Using music to pass political messages

Saturday March 02 2019

Uganda's newest political star Robert Sentamu Kyagulanyi’s transformation has been dramatic in recasting the role of music in politics. About two years ago, he won a by-election in Kyadondo East constituency to enter parliament.

His critics have been keen to draw a line between Mr Kyagulanyi the MP and Bobi Wine the musician, using police to block his music concerts, accusing him of hiding behind music to do politics. But Mr Kyagulanyi seems to be harnessing and exploiting the symbiotic relationship.

While music has always been used to mobilise political narratives, only on a few occasions have musicians stepped directly into the political scene.

“Music is our lowest hanging fruit. I think music will be a major driver of political messages because people want entertainment, and with music that is where they can get both — messages and entertainment,” said Democratic Party president Norbert Mao.

Another rap

Even President Yoweri Museveni’s released the hit You Want Another Rap prior to the 2011 general elections.


In the past, Constitution Square located in the heart of Kampala was a common place for addressing political rallies. On one side of the square lies the Central Police Station and behind it is the High Court building.

A crowd would form but moments later, police would swiftly pounce, unleashing teargas at the crowd, sending them scampering for safety.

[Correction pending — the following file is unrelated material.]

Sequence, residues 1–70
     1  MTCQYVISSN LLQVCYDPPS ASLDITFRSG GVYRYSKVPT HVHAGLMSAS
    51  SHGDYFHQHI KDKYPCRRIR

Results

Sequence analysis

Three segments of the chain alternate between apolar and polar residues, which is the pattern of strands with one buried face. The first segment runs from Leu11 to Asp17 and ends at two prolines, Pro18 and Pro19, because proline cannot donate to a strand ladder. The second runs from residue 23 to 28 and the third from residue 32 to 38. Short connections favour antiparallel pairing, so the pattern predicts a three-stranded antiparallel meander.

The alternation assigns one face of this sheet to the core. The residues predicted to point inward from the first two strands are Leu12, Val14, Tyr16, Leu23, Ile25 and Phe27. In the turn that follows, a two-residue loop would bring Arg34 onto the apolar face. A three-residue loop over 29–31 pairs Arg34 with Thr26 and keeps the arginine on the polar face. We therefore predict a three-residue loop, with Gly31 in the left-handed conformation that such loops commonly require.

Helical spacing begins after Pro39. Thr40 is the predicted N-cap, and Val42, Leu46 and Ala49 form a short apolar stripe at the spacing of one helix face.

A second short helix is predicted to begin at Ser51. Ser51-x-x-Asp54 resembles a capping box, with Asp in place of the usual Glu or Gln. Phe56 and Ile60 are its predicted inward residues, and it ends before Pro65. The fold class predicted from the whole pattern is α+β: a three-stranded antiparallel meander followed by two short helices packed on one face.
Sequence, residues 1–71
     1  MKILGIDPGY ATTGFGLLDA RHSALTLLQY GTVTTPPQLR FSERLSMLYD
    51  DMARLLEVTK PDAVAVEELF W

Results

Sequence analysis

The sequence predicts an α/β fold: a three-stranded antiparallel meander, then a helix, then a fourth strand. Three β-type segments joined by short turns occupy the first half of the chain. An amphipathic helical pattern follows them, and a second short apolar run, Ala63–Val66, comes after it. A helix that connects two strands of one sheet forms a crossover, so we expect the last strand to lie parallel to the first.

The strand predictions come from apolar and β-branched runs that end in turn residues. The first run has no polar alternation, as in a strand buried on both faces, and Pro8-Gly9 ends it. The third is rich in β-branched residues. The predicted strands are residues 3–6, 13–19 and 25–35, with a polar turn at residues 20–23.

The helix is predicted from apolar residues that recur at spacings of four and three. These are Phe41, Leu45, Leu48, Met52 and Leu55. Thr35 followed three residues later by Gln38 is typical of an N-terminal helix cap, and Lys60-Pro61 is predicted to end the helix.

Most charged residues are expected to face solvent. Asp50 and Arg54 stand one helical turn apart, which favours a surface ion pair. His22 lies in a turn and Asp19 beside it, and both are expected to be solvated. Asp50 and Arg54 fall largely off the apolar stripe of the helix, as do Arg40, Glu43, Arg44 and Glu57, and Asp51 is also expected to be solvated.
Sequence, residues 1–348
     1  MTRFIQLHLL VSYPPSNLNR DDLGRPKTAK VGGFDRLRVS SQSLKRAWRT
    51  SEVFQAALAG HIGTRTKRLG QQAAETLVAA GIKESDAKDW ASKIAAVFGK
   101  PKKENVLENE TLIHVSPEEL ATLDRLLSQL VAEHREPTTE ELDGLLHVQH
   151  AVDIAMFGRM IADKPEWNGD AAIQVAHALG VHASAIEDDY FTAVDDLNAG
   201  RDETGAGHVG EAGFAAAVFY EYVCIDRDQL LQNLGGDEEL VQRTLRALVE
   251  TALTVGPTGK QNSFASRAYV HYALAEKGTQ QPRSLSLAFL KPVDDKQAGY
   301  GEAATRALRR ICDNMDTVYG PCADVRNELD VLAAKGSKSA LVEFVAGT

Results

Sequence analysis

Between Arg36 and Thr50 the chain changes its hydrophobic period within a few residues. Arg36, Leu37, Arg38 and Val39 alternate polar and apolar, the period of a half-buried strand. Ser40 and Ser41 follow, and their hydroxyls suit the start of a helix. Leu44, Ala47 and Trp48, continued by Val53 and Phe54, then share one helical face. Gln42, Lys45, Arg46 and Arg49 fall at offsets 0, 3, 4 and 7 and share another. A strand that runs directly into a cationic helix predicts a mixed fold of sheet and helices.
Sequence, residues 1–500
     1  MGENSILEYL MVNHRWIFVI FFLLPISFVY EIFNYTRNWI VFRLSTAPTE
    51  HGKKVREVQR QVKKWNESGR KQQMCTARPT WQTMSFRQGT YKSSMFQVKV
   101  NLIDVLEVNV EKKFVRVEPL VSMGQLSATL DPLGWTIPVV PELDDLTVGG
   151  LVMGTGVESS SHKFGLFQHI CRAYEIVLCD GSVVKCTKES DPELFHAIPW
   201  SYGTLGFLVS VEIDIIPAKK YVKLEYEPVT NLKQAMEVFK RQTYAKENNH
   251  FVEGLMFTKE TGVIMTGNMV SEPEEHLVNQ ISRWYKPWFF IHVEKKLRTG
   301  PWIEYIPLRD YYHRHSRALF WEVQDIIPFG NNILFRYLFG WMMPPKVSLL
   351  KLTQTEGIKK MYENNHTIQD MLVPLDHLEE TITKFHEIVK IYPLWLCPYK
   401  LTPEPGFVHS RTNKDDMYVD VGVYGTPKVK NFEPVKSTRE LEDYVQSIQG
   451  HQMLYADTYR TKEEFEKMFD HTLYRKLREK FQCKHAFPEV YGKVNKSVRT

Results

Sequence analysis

But since the acrimonious elections of 2006, when throngs of supporters of longstanding opposition figure Kizza Besigye jammed the Square, the space has been out of bounds to any political gathering.

No political events especially for the opposition can take place there.

Then FM radio stations started ekimeeza (outdoor talk-shows) that attracted the members of the public from across the political divide. Politics, economy and social issues affecting the common man were talked about.

The government then banned ekimeeza when the talk shows became popular, but that vacuum only lasted for a short while.


Bobi Wine’s latest song, Tuliyambala Engule (We Shall Wear the Victor’s Crown), is growing in popularity. It sounds like a church hymn, but the words allude to social, political and economic problems that many Ugandans are experiencing today — the injustice and brutality the military and police unleash on the citizens, corruption and poor service delivery.

“Listening to Tuliyambala Engule, one clearly understands the real foundation of our opposition politics. Tuliyambala Engule can literally be interpreted to mean an era where all will be perfectly happy, no toil, no stress but jubilation. The copycat song outlines the challenges facing Uganda, directly blaming the current leadership,” said Thembo Nyombi a Ugandan economist and politician, and former state minister for information technology.

The seven-minute video was posted on YouTube on the eve of 2019, and has now reached over one million views.

In recent presidential elections in the Democratic Republic of Congo for example, singer Felix Wazekwa was commissioned to compose a song praising the government’s candidate Emmanuel Ramazani Shadary. The song was played frequently during rallies.